V-280 Valor: How the U.S. Army Might Have Learned from Its Mistakes and Built a Super Weapon
After years in development, the future of vertical lift has finally arrived on the Army’s doorstep: Bell Helicopter’s advanced V-280 Valor tiltrotor prototype finally took its maiden flight at a test facility in Amarillo, Texas, the company announced on Dec. 18 — a major milestone for a next-gen aircraft designed to meld the tactical maneuverability of the branch’s current rotary fleet with the range and force projection of fixed-wing troop transports.
Developed to replace the iconic AH-64 Apache attack chopper and UH-60 Black Hawk utility helo, the Valor boasts a top speed of 280 knots (hence, somewhat cheekily, the “V-280” designation) and a range of up to 800 nautical miles. That’s double the top speed and operational range of the tried-and-true Black Hawk. And with a troop capacity of 14 armed warfighters (plus a crew of 4) and load capacity of more than 12,000 pounds, the Valor can haul 23% more troops and 25% more cargo than the conventional utility helicopter, per Popular Mechanics.
With its first flight, the versatile Valor takes a major step towards actual combat downrange. Bell and partner Lockheed Martin were selected in 2014 to develop an aircraft for an Army research program that feeds into the Pentagon’s sweeping DoD-wide review of its helicopter fleets, the Future Vertical Lift program. In September, Bell parent company Textron Inc declared the V-280 “100%” complete; a month later, it published footage of the new aircraft flexing its tiltrotor muscles, to coincide with the Valor’s debut on the floor of the Association of the U.S. Army’s annual tech expo in Washington.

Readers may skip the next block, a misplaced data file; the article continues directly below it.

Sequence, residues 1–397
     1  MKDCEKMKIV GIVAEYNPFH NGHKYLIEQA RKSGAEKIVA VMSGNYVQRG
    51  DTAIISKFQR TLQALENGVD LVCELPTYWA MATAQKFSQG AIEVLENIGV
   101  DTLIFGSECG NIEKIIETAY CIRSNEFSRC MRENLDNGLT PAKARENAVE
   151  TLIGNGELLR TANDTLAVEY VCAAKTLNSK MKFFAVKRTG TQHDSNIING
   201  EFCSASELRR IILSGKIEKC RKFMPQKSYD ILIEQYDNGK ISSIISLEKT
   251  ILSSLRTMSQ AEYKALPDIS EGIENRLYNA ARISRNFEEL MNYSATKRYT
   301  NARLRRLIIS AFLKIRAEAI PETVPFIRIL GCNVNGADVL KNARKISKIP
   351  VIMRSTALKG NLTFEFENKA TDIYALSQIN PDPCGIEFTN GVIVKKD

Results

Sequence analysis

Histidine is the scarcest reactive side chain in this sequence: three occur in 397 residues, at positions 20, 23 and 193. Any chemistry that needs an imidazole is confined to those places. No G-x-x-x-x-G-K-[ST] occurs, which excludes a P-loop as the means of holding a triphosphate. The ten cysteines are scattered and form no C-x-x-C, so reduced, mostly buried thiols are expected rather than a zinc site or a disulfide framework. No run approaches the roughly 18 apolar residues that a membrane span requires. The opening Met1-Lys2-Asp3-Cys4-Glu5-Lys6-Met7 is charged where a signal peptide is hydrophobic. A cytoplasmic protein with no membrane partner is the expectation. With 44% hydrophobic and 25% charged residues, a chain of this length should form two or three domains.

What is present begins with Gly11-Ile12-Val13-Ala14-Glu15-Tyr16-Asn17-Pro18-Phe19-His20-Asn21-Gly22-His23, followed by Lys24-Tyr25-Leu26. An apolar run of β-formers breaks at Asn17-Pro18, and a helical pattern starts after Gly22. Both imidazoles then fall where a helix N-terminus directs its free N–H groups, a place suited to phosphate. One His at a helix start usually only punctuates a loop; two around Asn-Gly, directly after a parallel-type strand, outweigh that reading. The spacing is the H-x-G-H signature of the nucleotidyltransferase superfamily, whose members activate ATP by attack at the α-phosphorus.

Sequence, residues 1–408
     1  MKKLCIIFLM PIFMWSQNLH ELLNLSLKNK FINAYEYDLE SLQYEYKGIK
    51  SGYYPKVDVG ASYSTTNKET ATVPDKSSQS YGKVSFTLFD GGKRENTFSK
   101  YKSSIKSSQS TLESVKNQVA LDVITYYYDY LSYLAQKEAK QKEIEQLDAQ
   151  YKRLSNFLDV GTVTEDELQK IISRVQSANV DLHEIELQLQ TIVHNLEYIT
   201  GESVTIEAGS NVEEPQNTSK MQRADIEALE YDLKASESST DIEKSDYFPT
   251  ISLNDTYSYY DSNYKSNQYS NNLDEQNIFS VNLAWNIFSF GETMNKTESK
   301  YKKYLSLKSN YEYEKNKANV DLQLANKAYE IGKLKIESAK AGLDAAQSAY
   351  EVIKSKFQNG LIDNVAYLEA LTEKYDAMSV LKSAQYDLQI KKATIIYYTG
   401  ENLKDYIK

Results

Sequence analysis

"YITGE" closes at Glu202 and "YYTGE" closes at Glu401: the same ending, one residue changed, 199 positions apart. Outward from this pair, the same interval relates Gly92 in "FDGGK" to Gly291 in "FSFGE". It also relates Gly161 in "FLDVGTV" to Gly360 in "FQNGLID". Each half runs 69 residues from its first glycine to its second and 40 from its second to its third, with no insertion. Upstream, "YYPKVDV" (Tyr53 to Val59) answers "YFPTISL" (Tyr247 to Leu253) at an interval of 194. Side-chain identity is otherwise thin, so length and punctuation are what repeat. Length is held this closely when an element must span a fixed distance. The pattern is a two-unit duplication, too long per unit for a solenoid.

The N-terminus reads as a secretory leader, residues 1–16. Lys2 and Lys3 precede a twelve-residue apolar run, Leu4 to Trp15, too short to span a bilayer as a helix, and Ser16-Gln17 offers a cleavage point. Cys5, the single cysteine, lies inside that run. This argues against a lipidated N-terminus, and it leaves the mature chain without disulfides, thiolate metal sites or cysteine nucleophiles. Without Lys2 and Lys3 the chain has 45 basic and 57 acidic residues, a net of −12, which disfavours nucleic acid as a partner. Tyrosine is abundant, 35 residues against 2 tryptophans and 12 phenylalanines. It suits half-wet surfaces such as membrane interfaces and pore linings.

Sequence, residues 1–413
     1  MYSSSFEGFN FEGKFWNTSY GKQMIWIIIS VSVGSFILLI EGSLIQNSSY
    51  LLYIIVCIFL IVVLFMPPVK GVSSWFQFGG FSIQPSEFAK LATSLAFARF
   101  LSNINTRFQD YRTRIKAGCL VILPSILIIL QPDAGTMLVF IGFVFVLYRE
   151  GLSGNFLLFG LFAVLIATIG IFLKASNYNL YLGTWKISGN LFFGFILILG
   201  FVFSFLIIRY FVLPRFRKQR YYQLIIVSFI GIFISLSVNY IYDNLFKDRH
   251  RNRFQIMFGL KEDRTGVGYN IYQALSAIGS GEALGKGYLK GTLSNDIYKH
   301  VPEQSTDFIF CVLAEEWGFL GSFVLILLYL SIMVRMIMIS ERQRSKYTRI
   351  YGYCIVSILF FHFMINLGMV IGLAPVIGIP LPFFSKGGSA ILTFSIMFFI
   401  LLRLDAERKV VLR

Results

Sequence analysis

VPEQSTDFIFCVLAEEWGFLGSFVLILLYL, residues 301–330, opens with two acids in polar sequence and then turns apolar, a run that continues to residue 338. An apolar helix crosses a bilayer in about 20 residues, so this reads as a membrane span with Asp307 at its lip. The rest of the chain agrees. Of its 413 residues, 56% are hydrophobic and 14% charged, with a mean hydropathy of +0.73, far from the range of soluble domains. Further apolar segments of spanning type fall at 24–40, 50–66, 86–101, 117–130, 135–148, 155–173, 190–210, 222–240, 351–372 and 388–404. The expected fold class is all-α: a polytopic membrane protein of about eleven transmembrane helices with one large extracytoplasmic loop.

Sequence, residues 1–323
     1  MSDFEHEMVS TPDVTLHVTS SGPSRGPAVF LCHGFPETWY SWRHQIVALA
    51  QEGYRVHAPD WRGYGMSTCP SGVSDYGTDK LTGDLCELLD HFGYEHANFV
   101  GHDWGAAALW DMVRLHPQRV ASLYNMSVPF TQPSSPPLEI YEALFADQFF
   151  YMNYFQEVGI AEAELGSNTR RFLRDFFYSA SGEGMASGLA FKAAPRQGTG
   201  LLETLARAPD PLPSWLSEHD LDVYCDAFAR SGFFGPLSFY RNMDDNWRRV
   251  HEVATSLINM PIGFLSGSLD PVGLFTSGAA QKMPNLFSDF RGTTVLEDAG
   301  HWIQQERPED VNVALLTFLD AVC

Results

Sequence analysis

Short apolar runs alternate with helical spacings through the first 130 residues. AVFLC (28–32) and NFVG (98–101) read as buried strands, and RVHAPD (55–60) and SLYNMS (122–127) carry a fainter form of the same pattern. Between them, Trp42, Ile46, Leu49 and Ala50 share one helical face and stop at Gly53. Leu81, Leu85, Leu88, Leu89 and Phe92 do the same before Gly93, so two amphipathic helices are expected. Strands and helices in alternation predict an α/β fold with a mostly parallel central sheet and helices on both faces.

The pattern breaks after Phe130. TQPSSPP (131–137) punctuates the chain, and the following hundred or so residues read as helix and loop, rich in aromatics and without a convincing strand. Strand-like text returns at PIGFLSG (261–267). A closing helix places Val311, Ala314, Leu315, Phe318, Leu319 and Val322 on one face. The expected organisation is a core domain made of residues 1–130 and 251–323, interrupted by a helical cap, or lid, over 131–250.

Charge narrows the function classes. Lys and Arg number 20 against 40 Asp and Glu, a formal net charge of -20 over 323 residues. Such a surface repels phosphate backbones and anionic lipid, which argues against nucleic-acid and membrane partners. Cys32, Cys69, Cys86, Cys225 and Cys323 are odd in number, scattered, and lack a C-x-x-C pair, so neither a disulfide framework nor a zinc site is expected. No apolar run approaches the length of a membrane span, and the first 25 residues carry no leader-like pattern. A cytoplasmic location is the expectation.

The initial flight “demonstrates our commitment to supporting Department of Defense leadership’s modernization priorities and acquisition reform initiatives,” Bell CEO Mitch Snyder said in a statement on Dec. 18. “The Valor is designed to revolutionize vertical lift for the U.S. Army and represents a transformational aircraft for all the challenging missions our armed forces are asked to undertake.”
The Valor is not unchallenged, however, in the Army’s search for a “joint multi-role demonstrator” aircraft: It’s going up against the Sikorsky/Boeing SB-1 Defiant, which debuted at AUSA in October as well. And both aircraft remain appealing options for an Army facing a worsening aviation mishap crisis: Army Safety Center data shows the branch experienced 155 total aviation mishaps since fiscal year 2014, the vast majority of which occurred in the last two years; a July 2017 DoD inspector general audit of Black Hawk fleet evaluations found that the branch failed to evaluate nearly a quarter of its airframes due to lack of oversight.